The opposition acknowledges that the establishment of a national transport regulator to build a consistent and uniform framework in which a key industry may operate is an overdue and necessary reform. The opposition is also aware of the naive and bland assurances offered by the Labor Party to the Australian people during the last election. They said the vexed problems of our federation would all be dealt with simply by cooperating with one another. All the Labor governments would get together in a giant love-in and all of these sorts of problems would be solved. Unfortunately, the history of transport reform in Australia demonstrates the foolishness of this answer. Love-in federalism will not be enough; hard decisions have to be made and state Labor mates need to be confronted with the imperative nature of dealing with some of these issues.

We know that Labor are good at some things. They are good at creating a $315 billion debt and a massive liability for every Australian. We know Labor are good at trashing programs aimed at regional Australia and turning them into election funds in urban areas. Of course, in that regard I am referring particularly to the Nation Building Program off-network projects for roads. It is no longer directed at rural Australian roads, which are so important in the freight transport task around the nation. In fact, they have shovelled 82 per cent of the funds available under this program, over half a billion dollars, into marginal Labor seats—a gigantic slush fund. So we know Labor are good at shifting money into those sorts of funds.

We now know that they are looking again—as Labor always do—at a range of new taxes. This morning, for the first time, the veil has been lifted from a proposal to increase fuel excise by 10c a litre. Again, this will place an enormous burden on the road transport industry. Increased costs of doing business in Australia reduce the competitiveness of Australian industry, which seeks to make contact with overseas markets and to meet the competition from other parts of the world. Another mass increase in taxes—bearing in mind fuel excise already raises $13 billion a year for the government—simply cannot be afforded.

Labor’s proposal to increase the tax by 10c a litre would also be devastating for regional people. Country people, who have to travel hundreds of kilometres perhaps to visit their doctor on dirt roads, will be paying massive new fuel taxes under this proposal, whereas city people, who can visit their doctor just around the corner, will be paying very little in extra taxes. If you have to travel a couple of hundred kilometres into town to buy groceries, why should you be paying massive extra taxation compared with somebody who has a grocery store on every corner? Why should people travelling on dirt roads have to pay massive extra taxes—allegedly to upgrade the road system—when they in fact are not getting that money spent in their areas?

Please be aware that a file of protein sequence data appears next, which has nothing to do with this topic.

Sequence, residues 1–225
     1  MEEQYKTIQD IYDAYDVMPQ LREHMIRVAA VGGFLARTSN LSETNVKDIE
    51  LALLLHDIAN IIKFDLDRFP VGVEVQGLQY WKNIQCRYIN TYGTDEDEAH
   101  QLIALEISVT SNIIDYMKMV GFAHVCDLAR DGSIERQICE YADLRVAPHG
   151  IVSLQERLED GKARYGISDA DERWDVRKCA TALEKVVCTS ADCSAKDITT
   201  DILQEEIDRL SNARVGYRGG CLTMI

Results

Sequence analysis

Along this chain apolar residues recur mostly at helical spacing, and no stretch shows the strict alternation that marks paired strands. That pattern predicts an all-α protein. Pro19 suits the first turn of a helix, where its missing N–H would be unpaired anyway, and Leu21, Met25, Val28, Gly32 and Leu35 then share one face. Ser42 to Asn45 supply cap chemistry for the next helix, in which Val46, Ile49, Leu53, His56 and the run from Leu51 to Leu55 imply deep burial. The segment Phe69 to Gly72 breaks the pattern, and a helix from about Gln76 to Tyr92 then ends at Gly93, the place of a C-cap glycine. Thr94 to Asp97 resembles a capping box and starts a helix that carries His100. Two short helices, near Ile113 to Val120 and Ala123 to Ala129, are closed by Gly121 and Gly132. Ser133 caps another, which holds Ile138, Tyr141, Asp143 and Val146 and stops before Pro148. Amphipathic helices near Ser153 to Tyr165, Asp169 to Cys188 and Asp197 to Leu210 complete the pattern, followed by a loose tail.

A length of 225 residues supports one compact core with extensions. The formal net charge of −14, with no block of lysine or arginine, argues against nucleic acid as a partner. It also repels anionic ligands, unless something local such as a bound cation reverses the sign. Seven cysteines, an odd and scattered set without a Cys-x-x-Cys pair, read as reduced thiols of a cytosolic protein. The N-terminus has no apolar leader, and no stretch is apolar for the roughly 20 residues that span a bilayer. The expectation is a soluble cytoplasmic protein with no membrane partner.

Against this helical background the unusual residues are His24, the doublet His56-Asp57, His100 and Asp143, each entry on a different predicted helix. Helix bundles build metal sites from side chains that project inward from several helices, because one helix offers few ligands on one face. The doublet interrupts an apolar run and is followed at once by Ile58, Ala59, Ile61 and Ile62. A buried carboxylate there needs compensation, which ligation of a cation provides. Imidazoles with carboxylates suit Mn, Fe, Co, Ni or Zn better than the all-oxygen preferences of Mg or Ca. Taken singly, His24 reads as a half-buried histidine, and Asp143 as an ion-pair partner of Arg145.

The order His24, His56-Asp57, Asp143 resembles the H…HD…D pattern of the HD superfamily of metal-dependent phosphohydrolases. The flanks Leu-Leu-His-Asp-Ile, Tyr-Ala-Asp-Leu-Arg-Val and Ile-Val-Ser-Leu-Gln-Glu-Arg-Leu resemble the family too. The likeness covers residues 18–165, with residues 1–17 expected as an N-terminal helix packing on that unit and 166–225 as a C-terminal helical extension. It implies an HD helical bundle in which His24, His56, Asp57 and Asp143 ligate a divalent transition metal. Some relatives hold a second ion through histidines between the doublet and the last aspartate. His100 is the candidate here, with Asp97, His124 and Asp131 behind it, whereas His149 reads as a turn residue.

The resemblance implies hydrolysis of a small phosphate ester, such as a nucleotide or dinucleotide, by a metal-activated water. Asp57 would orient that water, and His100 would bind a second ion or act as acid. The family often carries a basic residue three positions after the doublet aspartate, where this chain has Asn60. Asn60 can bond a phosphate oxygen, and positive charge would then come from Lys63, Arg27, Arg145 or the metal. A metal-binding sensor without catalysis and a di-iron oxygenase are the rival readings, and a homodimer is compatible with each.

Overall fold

I call on the government to immediately reject the concept of a 10c increase in excise. If the government do not reject it, we can only assume that this government will follow the same route as the Keating government, which promised before the election that they would not increase fuel excise but immediately after the election introduced the biggest fuel excise increase in our nation’s history. It is clear that this government are intending to follow the same route.

This is the history of the Labor government. They are good at making some of these promises but, when it comes to actually delivering, the story is often different. They need to convince the nation that the government are capable of making the difficult decisions to deal with transport reform. This legislation is an important step in seeking to eliminate some of the differences in legislation between the various states, but it is a very small step. It is a step that we certainly welcome and will support; however, the really big and difficult decisions to establish a seamless and efficient road transport industry are still being pushed off into the distance. Very, very little progress has been made. The anomalies remain. All the promises about the goodwill there would be between the Rudd Labor government and the states have simply failed to deliver action in this very important area. Frankly, I doubt that the government have the courage or the skill to actually deliver common national road transport laws around the nation, and this costly burden of inefficiency will rest upon the sector for a very long time.